Two weeks after the AMA symposium, I — as the parent of a college student — am still concerned that more people did not attend the UC Davis workshop to spark ideas for use at their institutions. Are we so focused on the newest AI technology that we are going to move away from addressing mental health concerns before truly resolving them? Do we have the resources to embrace AI while alleviating stress and loneliness among students? Surely, this isn’t an either–or situation.

2. Will Gen Alpha’s entitlement be a (worryingly) self-fulfilling prophecy?

Marketing means forecasting trends and learning how to “sell” a product to a consumer. Higher education doesn’t like to use the words “customer,” “consumer,” “sell” or “industry,” but essentially the same holds for colleges and universities. 

As Gen Z moves through the higher-ed marketing funnel, attention has now turned to the next wave of consumers: Generation Alpha. Some of these children have not even been born, but marketers are already predicting trends in their buying behaviors.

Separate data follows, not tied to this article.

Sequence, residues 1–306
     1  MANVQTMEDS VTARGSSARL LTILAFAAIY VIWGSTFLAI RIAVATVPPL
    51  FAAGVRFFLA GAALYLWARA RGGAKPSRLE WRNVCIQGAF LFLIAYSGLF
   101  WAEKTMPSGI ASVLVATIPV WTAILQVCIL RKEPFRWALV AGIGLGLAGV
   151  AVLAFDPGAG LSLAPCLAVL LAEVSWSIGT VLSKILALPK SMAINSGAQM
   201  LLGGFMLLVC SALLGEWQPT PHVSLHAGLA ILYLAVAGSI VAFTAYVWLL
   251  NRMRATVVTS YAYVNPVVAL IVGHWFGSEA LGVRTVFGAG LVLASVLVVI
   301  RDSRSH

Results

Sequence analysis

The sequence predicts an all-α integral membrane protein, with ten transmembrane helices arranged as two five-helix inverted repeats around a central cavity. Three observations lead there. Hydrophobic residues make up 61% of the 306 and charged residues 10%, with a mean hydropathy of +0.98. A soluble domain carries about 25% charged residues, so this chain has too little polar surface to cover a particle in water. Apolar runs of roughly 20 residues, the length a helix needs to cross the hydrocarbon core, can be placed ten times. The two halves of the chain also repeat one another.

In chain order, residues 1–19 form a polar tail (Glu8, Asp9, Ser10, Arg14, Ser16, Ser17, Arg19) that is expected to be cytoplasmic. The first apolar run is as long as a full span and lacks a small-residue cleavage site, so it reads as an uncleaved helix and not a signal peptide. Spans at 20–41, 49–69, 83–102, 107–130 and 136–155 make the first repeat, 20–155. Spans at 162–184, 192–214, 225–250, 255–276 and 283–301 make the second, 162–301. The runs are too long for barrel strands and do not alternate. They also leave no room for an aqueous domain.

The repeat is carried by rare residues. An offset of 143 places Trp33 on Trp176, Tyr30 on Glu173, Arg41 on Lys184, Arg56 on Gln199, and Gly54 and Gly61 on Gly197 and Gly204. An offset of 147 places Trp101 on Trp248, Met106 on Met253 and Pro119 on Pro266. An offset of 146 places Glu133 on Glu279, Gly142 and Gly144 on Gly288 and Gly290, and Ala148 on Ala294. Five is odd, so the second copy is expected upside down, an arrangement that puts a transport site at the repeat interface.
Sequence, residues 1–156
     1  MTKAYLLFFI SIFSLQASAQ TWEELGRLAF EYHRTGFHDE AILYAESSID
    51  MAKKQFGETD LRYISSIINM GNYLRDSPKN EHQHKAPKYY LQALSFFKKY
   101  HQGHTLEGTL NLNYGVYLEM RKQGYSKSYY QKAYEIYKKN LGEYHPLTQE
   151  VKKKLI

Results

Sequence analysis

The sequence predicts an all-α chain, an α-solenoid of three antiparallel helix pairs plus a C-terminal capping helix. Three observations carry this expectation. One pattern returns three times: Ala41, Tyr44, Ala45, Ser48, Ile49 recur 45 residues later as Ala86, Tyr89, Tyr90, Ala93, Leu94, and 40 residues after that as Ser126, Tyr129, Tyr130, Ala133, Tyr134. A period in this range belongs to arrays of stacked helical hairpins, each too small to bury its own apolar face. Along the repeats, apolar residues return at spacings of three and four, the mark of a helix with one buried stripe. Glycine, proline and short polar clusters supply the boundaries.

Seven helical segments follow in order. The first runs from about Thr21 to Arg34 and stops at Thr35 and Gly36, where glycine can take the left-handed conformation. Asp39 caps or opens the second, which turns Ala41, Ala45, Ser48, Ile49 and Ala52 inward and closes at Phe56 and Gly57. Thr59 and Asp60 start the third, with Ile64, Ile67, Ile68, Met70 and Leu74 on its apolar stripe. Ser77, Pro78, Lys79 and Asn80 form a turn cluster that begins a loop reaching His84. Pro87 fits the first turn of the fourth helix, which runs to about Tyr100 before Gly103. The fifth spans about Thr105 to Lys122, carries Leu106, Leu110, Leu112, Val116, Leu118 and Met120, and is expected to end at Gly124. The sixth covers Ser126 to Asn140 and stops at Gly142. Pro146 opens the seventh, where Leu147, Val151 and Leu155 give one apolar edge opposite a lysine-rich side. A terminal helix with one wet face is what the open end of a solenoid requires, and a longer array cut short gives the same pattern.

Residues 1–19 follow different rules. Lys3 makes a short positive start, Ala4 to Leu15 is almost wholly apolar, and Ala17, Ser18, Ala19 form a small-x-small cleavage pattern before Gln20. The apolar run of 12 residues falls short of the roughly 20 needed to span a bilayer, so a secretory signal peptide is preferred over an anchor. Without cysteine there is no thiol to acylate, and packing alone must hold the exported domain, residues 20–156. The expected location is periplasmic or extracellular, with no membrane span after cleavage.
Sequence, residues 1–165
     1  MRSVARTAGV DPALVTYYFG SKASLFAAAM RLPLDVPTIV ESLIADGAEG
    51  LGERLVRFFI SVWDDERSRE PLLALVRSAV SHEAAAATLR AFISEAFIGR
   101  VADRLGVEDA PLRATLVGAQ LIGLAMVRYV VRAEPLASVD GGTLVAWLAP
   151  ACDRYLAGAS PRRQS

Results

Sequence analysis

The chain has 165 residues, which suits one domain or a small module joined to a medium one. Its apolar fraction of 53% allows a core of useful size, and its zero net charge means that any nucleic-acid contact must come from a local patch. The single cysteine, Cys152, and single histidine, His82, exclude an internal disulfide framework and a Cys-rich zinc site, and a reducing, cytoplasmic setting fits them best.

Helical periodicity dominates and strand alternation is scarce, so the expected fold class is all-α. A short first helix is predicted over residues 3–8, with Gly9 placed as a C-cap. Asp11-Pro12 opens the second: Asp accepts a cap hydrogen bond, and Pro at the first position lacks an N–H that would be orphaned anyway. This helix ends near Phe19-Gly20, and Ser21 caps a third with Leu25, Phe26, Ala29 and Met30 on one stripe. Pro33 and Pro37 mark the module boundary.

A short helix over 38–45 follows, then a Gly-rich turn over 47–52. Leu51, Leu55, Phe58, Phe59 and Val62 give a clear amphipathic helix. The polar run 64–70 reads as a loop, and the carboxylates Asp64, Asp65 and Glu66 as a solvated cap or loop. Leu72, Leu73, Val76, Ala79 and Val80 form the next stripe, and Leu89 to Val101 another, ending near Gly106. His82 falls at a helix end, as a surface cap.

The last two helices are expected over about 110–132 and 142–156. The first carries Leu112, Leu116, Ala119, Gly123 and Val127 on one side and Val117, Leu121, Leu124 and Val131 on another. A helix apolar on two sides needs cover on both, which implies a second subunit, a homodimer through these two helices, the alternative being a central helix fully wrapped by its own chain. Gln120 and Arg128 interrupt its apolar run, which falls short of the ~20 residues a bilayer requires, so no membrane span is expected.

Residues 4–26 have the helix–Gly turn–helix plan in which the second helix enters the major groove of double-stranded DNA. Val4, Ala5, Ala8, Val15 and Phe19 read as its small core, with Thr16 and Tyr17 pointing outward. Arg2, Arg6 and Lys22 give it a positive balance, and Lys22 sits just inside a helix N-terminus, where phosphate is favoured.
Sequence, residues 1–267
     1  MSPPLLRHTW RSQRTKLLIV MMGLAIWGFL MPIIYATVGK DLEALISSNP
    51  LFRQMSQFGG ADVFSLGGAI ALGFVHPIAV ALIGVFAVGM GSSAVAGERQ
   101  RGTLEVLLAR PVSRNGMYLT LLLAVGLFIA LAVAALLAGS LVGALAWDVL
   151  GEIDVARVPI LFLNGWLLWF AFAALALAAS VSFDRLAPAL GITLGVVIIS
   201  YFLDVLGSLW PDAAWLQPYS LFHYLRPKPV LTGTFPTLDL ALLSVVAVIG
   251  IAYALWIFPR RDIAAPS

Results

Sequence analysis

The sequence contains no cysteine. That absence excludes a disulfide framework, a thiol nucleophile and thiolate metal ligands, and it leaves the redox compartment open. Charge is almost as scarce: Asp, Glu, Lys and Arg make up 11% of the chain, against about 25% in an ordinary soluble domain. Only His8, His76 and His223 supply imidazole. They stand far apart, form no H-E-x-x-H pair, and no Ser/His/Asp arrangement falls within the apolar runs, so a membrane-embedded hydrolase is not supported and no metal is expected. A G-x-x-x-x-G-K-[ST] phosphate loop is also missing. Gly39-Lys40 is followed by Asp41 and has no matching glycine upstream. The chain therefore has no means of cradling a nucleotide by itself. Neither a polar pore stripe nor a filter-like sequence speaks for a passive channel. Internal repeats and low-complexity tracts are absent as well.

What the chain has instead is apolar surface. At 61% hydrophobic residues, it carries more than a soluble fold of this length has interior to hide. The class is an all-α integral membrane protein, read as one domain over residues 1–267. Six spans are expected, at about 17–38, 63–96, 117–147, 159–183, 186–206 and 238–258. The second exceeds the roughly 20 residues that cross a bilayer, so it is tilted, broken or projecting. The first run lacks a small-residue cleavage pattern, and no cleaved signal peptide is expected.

One such panel at AMA’s Higher Ed Symposium sought to outline a generation of potential college students based on their individual and professional experiences. As mothers of young children, University of Pennsylvania’s Kathryn Bezella, Northwestern University’s Dr. Lesley-Ann Brown-Henderson, Shady Side Academy’s Diana Toole and Ologie’s Dayana Kibilds have daily interactions with this upcoming cohort, as well as extensive experience in the education field. 

The panel outlined key characteristics of the upcoming generation — the oldest of whom are now entering their sophomore year of high school — including digital hyperconnectedness, activism, concern about the climate and much more. All of these are admirable traits, and one could argue Millennials and Gen Z students were once predicted to have similar inclinations, albeit in different terms. 

Interestingly, there were a few key points made during the discussion that had parents in the audience cocking their heads. Namely, the panel indicated that Gen Alpha students are already asking to have seats at the family table for major discussions, such as how to spend finances or “demanding” certain concessions in education. I overheard one parent indicate that the traits listed for the upcoming generation were textbook narcissism indicators.